Saint Cosmas and Saint Damian dressing a chest wound. Oil painting by Antoine de Favray, 1748.

  • Favray, Antoine de, 1706-1798.
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About this work


Saints Cosmas and Damian practised medicine and surgery without payment according to their legend, and were therefore represented to the lay public as medical ideals. This painting shows one of the saints using a bullet extractor to remove a foreign body from a man's chest, and the other one assisting with prayer. On the table is a travelling case of surgical instruments with a lid that flips open, and to the right of it a round box partitioned to hold different ointments used in surgery.

Saints Cosmas and Damian were prominent in Malta. "The association of the medical practitioners and barbers [in Malta] was the Guild of the brothers, Saints Cosmas and Damian. This guild had an altar, which is still in existence, dedicated to the two saints in the church of St Francis, in Kingsway, Valletta. The altarpiece is a painting by Filippo Paladini (1564-1614?) and bears the date 1612. One of the saints is depicted carrying a book in one hand while his brother holds an ointment or medicine box with small partitions one of which contains a bone elevator. On a shelf by his side is the 'triploide', an instrument used for the elevation of depressed fragments of bone from the skull. In the foreground, to the left, lies the patient with a bandage round his head. The saints' feast was celebrated with great pomp and solemnity on the 27th September …"--Cassar loc. cit.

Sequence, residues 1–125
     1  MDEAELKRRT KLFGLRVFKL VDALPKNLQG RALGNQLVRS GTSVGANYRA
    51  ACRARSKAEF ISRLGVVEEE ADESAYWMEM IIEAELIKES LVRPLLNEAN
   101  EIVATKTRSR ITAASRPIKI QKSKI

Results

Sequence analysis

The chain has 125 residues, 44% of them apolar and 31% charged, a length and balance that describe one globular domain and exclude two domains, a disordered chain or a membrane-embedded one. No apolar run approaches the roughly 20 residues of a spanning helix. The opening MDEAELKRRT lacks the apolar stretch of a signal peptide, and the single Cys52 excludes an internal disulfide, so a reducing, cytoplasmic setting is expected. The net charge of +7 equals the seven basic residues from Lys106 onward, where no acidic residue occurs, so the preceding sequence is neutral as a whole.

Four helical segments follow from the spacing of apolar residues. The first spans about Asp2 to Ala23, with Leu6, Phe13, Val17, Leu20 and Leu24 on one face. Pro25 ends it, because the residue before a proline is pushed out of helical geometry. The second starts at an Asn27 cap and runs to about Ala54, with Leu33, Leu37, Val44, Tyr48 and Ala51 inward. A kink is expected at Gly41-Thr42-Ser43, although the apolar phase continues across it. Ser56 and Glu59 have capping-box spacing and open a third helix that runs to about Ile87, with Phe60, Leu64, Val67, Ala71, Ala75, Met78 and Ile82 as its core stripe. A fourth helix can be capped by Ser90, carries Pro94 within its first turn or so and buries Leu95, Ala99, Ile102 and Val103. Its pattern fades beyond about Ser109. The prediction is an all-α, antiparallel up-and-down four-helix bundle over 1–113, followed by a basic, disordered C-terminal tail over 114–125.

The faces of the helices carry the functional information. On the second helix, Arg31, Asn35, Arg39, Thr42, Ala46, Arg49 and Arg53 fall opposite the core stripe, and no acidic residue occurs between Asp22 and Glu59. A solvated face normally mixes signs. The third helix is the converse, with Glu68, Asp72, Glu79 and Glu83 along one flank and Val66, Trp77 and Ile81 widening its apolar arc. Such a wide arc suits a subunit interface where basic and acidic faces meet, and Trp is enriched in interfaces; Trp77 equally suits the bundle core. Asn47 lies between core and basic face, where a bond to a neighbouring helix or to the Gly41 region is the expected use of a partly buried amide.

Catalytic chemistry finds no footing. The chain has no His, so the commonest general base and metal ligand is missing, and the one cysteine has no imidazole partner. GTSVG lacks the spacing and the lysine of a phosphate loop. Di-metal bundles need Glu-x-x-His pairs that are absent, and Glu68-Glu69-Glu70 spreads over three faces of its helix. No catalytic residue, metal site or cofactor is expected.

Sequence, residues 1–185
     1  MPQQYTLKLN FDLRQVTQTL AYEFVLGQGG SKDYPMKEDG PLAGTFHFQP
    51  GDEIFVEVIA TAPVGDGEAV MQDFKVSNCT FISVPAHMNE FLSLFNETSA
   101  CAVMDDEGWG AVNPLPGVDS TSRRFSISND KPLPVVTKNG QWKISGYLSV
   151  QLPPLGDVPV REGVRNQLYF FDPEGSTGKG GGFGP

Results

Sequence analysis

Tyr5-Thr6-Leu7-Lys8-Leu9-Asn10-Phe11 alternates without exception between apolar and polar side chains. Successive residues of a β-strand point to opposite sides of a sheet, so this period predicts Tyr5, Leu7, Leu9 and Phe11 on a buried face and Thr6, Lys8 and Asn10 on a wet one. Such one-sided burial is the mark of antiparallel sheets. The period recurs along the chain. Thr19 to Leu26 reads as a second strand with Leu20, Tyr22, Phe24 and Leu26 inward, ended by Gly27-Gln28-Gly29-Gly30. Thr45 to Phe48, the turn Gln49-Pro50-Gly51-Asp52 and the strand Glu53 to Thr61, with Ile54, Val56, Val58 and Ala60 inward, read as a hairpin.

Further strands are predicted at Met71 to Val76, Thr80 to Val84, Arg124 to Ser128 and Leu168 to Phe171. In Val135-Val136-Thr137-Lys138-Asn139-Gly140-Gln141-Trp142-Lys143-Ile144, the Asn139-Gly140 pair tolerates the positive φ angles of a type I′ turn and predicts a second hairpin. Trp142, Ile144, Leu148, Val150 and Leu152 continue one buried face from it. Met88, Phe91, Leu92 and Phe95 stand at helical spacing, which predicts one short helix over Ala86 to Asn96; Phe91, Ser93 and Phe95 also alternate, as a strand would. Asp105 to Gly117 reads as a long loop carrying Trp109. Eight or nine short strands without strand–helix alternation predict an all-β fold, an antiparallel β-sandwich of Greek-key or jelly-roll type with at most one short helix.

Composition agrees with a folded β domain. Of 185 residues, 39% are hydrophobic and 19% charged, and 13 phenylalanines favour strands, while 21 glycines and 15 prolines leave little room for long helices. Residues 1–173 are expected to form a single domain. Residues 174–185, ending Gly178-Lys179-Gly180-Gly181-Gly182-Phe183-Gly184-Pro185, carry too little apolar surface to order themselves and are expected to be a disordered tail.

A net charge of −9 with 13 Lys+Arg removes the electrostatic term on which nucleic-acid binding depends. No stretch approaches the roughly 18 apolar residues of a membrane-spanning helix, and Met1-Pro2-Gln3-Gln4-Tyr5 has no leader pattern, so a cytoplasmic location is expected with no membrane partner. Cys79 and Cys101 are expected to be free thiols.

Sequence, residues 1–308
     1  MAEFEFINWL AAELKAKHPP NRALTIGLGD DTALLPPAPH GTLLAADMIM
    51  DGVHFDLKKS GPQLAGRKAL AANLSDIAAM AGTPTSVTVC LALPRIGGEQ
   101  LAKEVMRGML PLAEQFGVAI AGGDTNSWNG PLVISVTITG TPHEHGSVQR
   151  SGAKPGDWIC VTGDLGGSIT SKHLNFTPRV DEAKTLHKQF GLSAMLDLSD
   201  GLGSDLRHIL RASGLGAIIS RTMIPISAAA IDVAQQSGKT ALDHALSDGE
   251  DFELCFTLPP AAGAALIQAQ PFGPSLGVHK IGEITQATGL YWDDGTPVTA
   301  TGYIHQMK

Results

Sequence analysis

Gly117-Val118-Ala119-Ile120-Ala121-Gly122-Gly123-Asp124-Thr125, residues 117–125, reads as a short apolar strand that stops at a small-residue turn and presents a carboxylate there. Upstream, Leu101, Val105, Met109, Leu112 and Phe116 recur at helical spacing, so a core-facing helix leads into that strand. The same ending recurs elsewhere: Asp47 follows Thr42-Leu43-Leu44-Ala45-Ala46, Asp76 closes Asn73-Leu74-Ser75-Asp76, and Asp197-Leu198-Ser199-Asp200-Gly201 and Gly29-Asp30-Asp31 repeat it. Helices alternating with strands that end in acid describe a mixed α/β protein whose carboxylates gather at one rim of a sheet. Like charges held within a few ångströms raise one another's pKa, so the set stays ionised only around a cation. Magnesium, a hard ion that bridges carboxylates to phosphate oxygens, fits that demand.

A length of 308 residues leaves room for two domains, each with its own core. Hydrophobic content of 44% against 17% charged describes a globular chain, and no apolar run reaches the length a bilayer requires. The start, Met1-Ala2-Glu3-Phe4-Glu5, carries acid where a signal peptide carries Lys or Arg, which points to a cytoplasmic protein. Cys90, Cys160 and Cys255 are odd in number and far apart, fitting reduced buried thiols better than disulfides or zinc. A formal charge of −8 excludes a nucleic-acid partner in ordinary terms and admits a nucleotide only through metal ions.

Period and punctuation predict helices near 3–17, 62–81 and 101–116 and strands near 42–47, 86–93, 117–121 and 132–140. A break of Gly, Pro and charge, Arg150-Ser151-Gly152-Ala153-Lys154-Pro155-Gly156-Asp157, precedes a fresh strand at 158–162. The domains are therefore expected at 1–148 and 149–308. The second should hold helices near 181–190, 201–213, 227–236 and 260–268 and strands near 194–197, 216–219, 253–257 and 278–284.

Physical description

1 painting : oil on canvas ; canvas 85.7 x 119.5 cm


A. Favray 1748

References note

Paul Cassar, Medical history of Malta, London 1965, pp. 485-486


Wellcome Collection 44856i

Creator/production credits

The author of this painting was Antoine de Favray (1706-1798), a French artist who studied in Italy and travelled to Turkey, but spent most of his long career in Malta. There he worked for the Knights of Malta (Knights Hospitallers, or Sovereign Military Hospitaller Order of Saint John of Jerusalem), and became a knight of the order himself. The order was a religious and charitable organization which concerned itself with hospitals for the sick and wounded, with defending the Christian Mediterranean against the Muslim Turks, and with magnificent adornments to the churches of Malta. The order maintained a large infirmary at Valletta consisting of eleven wards and a chapel. There were beds for five hundred patients who dined off silver salvers served by the Knights. It is quite likely that Favray's painting originally hung in that infirmary

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